activation for the MS group (65). Additional studies are needed with this clinical cohort to
examine such issues as the adjustments that limit voluntary activation during fatiguing
contractions, the adjustments that establish performance fatigability on a laboratory test and how
these relate to the trait level of fatigue, and the interaction between fatigue and limitations in
Some insight on these issues can be gleaned from randomized controlled trials of strength
training performed by individuals with relapsing-remitting MS. Consistent with the finding that
some of the variance in the trait level of fatigue (Fatigue Severity Scale) can be explained by the
strength of a hand muscle (64), a 10-wk strength-training program that increased the strength and
endurance of leg muscles also reduced the trait level of fatigue (Modified Fatigue Impact Scale)
but did not improve walking endurance (2-min walk) (15). However, the decrease in fatigue was
significantly correlated (r = 0.40) with a test of leg-muscle endurance, but not with the gains in
muscle strength. Similar strength gains were achieved in another 12-wk intervention and these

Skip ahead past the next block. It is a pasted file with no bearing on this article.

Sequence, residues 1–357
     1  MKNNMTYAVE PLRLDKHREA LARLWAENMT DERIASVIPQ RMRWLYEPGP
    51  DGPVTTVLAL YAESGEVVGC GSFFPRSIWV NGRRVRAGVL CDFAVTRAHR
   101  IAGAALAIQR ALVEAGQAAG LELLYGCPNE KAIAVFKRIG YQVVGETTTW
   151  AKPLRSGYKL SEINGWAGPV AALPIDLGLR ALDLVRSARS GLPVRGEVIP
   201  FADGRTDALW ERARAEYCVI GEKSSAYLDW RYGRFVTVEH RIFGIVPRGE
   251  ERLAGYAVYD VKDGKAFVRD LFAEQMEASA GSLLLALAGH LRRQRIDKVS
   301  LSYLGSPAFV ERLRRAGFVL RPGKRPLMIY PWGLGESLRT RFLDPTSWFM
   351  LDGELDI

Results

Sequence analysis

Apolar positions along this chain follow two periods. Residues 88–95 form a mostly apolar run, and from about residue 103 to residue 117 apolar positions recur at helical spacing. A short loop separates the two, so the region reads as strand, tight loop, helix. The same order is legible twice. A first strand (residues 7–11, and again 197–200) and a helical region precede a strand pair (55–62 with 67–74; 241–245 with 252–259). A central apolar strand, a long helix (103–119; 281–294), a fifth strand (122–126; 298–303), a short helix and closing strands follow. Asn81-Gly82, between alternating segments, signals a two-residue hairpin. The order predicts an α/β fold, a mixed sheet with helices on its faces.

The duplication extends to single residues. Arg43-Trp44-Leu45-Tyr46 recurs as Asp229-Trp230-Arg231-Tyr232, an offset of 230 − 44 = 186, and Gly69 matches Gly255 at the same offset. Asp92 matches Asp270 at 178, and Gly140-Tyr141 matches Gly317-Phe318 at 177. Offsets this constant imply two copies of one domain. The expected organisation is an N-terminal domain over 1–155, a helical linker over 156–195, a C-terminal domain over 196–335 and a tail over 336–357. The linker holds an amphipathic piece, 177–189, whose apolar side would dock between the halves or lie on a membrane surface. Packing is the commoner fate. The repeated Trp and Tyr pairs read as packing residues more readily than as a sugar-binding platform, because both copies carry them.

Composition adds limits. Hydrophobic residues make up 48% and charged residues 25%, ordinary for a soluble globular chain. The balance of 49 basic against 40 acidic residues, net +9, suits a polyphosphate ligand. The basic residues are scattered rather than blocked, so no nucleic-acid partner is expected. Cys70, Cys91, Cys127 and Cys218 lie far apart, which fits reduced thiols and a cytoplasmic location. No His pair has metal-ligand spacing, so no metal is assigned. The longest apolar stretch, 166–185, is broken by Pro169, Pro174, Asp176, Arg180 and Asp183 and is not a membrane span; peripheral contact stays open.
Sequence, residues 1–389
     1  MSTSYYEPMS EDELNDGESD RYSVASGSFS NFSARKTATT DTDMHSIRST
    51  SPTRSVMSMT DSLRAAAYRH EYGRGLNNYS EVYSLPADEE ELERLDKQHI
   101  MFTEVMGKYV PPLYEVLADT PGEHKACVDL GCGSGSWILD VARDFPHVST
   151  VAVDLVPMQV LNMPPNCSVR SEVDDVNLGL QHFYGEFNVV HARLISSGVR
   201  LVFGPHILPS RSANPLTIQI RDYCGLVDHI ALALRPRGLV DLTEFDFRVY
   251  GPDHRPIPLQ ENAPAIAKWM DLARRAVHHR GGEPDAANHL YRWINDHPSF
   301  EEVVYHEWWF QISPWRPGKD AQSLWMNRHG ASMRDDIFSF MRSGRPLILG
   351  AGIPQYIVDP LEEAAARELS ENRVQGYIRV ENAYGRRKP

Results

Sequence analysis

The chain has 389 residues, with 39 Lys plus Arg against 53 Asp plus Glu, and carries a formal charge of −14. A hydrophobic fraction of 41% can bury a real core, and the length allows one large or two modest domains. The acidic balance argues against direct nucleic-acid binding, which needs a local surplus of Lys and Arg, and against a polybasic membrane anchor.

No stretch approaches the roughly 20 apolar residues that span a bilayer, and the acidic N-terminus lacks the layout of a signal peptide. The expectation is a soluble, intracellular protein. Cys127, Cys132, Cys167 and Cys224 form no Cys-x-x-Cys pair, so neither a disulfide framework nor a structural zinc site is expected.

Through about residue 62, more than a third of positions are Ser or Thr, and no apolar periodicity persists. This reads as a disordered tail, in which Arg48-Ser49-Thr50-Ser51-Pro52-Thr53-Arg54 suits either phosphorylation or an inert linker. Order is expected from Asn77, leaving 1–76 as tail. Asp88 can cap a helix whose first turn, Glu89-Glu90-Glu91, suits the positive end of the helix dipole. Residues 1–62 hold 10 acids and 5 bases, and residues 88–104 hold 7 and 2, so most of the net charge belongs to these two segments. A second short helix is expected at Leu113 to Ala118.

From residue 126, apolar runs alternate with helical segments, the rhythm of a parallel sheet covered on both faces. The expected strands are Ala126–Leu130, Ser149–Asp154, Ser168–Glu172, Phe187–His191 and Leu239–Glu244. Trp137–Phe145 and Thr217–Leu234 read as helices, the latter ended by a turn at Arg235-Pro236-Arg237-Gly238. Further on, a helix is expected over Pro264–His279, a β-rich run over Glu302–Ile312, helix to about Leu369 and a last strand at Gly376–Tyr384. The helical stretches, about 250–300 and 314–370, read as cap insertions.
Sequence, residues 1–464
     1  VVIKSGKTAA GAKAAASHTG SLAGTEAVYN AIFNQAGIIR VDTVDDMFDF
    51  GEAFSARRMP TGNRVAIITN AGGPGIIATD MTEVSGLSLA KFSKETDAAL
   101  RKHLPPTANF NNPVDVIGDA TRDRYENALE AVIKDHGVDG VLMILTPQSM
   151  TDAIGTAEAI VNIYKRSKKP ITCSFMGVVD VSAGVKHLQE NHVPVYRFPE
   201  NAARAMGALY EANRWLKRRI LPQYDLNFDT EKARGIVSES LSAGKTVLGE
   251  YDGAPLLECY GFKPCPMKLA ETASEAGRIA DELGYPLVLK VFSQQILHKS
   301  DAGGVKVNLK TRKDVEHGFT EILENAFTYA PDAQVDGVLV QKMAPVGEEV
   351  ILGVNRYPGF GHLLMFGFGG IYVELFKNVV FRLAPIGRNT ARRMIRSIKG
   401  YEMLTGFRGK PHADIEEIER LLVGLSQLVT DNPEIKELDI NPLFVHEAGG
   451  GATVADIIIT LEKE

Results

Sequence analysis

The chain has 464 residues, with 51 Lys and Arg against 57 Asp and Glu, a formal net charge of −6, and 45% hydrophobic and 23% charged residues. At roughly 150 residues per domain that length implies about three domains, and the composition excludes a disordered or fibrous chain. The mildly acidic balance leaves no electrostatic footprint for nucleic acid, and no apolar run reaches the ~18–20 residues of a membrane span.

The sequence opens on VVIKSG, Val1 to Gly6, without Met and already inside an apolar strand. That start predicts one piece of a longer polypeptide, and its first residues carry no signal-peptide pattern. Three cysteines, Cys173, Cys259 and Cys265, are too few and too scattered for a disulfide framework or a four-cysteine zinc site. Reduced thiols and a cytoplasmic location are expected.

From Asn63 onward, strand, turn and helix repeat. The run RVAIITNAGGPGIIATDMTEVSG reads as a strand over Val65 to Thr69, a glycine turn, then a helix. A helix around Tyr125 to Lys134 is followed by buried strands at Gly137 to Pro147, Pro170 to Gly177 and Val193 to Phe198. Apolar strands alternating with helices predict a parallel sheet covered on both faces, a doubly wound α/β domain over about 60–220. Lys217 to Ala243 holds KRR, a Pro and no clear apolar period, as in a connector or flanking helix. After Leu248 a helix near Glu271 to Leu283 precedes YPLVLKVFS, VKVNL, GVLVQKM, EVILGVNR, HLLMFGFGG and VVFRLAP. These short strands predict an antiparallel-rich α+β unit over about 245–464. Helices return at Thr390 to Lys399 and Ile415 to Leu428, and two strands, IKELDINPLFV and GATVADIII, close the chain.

were accompanied by correlated (r = 0.30) reductions between the trait level of fatigue (Fatigue
Severity Scale) and depression (Major Depression Inventory), but there was no association
between the improvement in fatigue and increases in either muscle strength (knee extensors) or
functional capacity (cumulative score based on chair-rise test, ascending-stairs test, 10-m walk
test, and the 6-min walk test) (13). These findings suggest that some of the fatigue reported by
individuals with relapsing-remitting MS can be explained by depression and the reduced capacity
to sustain high levels of voluntary activation, and that the functional consequences are likely
attributable to an inability to compensate for the disease-related decline in muscle activation.
Although there is widespread acceptance of the notion that fatigue can limit human
performance, there are considerable gaps in knowledge on the underlying mechanisms and how
these can be managed. This dilemma is largely attributable to the inability of current
terminology to accommodate the scope of the conditions ascribed to fatigue and a paucity of
valid experimental models. In an attempt to provide a more unifying rubric, it is proposed that